I'm finishing off work on a complex rule-engine for Hotel Rates with real-time queries. There is a lot of conditions addressing intersections of periods for options, restrictions and policies. All of these are per date, meaning the time of day is irrelevant.
It varies wildly, from customer to customer, whether period spans a few days or several years, so it is not a feasible solution to denormalize to each day in the period for each thing in the system.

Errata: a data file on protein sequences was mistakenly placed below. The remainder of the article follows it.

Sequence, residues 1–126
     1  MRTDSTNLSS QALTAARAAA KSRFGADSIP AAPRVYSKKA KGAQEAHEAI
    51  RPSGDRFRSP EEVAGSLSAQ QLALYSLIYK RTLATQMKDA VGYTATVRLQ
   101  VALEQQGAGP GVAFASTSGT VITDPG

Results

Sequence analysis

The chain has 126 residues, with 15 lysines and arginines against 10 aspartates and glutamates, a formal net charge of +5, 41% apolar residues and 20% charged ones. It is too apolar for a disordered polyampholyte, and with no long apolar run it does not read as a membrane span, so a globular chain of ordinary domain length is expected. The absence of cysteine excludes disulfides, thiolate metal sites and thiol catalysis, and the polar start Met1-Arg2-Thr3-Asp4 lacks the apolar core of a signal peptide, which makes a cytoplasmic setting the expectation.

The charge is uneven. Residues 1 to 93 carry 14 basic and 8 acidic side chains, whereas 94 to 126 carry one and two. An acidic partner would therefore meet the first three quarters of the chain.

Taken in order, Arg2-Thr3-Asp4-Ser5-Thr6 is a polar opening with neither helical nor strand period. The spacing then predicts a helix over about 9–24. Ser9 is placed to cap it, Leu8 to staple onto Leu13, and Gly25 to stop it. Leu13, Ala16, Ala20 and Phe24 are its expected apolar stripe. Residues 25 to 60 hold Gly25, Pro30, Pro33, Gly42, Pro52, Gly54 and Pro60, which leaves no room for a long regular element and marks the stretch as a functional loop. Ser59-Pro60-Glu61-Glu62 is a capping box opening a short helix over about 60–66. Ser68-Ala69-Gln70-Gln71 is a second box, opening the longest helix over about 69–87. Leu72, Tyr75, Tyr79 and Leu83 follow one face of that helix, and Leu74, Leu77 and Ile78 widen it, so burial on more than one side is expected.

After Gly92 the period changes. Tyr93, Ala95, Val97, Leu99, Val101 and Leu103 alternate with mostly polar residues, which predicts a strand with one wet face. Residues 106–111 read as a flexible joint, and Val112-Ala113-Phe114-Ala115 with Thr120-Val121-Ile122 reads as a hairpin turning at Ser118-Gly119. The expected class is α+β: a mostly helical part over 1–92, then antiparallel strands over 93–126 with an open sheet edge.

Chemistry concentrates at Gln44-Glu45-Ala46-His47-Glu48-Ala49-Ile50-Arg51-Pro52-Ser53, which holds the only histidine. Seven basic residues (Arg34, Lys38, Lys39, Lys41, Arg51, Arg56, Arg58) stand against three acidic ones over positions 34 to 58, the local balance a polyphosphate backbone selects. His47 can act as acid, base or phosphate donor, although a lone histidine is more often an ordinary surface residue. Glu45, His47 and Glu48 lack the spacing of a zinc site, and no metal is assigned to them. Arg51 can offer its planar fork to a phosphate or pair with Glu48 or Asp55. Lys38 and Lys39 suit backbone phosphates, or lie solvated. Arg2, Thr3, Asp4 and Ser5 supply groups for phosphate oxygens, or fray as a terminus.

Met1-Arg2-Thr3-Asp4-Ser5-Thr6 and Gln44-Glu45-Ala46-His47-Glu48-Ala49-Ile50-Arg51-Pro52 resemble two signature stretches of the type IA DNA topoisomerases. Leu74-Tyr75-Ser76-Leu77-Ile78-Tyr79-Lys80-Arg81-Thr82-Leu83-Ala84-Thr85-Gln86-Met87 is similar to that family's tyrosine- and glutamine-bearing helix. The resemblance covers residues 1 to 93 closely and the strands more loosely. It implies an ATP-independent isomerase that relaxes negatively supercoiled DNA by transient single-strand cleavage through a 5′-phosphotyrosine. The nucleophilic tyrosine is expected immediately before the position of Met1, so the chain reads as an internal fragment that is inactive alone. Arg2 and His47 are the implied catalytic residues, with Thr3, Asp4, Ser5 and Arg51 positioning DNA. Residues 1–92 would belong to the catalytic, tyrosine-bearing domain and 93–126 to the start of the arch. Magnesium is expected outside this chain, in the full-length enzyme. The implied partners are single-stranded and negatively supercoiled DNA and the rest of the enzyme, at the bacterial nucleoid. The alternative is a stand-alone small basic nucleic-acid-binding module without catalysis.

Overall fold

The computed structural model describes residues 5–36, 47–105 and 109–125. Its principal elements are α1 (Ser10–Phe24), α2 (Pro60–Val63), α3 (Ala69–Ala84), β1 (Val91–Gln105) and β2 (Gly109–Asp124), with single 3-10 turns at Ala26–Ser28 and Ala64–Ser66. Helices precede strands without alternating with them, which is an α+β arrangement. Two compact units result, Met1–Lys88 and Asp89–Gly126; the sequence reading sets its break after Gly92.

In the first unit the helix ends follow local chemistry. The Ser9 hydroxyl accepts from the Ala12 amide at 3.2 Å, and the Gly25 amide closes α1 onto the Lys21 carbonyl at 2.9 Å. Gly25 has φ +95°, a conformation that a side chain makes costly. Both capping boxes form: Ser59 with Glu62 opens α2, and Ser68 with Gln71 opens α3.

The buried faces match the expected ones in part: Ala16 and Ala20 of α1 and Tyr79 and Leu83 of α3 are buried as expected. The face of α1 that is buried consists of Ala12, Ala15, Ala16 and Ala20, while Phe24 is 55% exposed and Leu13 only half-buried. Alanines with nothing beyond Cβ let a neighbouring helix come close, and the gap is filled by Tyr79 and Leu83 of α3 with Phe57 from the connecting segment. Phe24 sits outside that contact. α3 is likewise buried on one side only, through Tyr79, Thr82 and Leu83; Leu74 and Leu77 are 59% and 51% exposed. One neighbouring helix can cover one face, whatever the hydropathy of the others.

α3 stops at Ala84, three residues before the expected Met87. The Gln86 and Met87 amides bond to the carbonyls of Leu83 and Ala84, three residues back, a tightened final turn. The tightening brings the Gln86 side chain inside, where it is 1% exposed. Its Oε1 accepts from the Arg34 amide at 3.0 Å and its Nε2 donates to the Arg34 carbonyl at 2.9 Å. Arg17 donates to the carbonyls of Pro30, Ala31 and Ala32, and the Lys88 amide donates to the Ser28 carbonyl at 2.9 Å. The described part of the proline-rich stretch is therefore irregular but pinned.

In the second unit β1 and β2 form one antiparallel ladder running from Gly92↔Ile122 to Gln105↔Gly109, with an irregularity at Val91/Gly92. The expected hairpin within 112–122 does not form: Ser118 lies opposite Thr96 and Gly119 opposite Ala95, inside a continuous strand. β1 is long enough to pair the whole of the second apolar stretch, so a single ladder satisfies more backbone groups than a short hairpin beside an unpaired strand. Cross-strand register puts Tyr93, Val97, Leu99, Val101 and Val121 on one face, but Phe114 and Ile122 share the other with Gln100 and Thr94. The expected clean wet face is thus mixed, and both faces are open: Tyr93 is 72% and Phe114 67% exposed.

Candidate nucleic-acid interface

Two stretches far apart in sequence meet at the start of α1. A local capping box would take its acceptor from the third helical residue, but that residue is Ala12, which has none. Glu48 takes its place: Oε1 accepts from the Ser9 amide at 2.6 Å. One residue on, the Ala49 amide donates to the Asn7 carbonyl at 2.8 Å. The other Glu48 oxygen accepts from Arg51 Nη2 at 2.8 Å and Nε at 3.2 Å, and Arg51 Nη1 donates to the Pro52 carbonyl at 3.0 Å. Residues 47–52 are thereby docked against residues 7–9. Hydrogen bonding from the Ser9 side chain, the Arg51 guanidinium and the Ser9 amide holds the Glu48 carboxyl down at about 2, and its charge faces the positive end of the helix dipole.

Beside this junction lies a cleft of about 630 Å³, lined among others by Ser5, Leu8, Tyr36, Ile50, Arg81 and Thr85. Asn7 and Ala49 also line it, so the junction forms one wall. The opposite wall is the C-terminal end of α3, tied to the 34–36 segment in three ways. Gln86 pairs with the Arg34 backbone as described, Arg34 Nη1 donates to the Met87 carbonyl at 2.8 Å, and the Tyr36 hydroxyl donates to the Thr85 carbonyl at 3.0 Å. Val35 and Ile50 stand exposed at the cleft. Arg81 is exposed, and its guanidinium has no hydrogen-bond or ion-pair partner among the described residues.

Currently, I'm using skip lists with 2 entries per 'thing' that has a period. Then I can intersect 'things' starting before end of relevant period, and ending after the beginning of the relevant period. This works ok, it's the best compromise so far, but I still end up mostly allocating nodes I don't need, and spending CPU filtering away 'from' nodes that don't have a corresponding 'to' node in the output set.
It is implemented in C# (state is in-mem, loaded by event-streams)), mostly immutable objects, classes for things that gets passed around a lot, structs for private collections within classes.